This chapter explains the essential differences between Dagestan and Chechnya within the examined parameters of the ethno-cultural, historical and socio-political themes. The existing difference between Dagestan and Chechnya in the period of communist leadership was that in Dagestan throughout the whole of its Republican status the highest leaders were, as a rule, representatives of the core nationalities. The Dagestani model of political structure was formed free of any influence from the concept of consociational democracy. The ruling elite of the Caucasian Republic, consisting of representatives of the basic Dagestani nationalities, having lost their base in the power structures which had collapsed, re-established it in the systems of confidence between personal friends, relatives, co-regionalists and especially among co-ethnics. With all of the pro-Chechen political action and nationalist rhetoric of Dzhakhar Dudaev, his power not only failed to strengthen but actually lessened from the beginning of his leadership.
This introduction presents an overview of the key concepts discussed in the subsequent chapters of this book. The book attempts to convey the different sociological contexts for how contemporary anarchist theory and practice is to be understood. It concentrates on the issue of broadening the parameters of how anarchist theory and practice is conceptualised. The question of individual liberty and collective needs raises an equally important anarchist principle: equating the means of an action with its ends. The book compares the major philosophical differences and strategies between the classical period and the contemporary anti-capitalist movements. It assesses the viability of libertarian education, a century on from the life and work of Spanish writer and activist Francisco Ferrer and finds considerable evidence for the endurance of these ideals.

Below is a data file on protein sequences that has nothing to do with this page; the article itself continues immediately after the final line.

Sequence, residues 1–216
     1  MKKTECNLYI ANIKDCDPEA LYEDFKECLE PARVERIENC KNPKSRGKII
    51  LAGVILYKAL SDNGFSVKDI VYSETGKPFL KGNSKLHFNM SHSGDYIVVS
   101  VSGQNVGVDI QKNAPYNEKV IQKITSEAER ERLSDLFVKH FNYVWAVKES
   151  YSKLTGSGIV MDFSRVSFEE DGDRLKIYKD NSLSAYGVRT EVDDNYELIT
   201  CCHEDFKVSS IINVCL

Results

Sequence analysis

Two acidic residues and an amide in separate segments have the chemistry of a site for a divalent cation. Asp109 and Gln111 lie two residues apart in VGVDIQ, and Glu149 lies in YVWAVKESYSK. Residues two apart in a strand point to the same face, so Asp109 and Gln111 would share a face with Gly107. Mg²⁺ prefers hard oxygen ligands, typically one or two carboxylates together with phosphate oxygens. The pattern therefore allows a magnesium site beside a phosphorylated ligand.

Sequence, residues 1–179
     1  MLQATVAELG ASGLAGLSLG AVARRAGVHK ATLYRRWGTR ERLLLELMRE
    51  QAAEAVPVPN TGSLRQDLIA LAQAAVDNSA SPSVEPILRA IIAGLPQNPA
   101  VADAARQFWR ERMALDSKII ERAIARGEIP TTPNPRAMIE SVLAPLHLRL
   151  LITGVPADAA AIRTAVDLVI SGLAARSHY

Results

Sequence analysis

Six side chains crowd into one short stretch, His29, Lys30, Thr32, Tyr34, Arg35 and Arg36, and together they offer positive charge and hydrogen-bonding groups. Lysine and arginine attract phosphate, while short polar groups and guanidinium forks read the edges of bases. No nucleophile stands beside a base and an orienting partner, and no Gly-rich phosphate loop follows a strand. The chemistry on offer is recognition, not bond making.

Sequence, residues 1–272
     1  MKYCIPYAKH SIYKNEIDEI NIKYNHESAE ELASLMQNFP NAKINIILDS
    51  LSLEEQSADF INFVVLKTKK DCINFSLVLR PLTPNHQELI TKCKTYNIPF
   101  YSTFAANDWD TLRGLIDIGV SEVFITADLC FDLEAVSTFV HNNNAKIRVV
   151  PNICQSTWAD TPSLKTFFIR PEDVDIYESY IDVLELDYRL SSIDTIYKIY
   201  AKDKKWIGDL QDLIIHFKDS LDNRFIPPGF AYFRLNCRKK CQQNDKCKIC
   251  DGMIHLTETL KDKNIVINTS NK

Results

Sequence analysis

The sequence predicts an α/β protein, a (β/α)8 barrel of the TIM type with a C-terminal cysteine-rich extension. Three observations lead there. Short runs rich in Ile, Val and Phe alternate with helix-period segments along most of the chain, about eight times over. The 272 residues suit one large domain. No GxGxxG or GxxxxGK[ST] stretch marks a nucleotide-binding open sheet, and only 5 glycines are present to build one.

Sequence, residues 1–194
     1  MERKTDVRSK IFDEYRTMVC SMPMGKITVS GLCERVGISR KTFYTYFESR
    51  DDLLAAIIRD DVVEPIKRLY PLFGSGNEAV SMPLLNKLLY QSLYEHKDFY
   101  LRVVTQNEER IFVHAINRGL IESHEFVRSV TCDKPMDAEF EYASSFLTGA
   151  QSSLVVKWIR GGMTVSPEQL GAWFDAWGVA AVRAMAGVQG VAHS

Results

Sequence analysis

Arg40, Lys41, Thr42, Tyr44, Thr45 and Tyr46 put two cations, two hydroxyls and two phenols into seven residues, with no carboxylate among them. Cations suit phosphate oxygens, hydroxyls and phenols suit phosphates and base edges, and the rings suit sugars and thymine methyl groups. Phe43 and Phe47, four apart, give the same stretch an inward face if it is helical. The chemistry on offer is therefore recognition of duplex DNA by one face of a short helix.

This chapter illustrates the importance of broadening the understanding of social anarchism. Social anarchism has shifted its ground as it has embraced some elements of poststructuralist philosophy. This shift in territory from social to poststructuralist anarchism is most noticeable and particularly important at two levels of theory. The first, and the one that underscores the others, is the poststructuralist denunciation of foundationalist discourses or narratives. The second shift in theoretical territory is less pronounced but nonetheless real. The chapter suggests that, when situated alongside the practices of new social movements associated with the anticapitalist protests, the poststructuralist perspective affords insight into how new modes of anarchist practice are emerging. It also highlights how anarchist theory and practice is evolving into something distinct and is, at the same time, nurturing contemporary modes of resistance against traditional social, political and economic forms of oppression.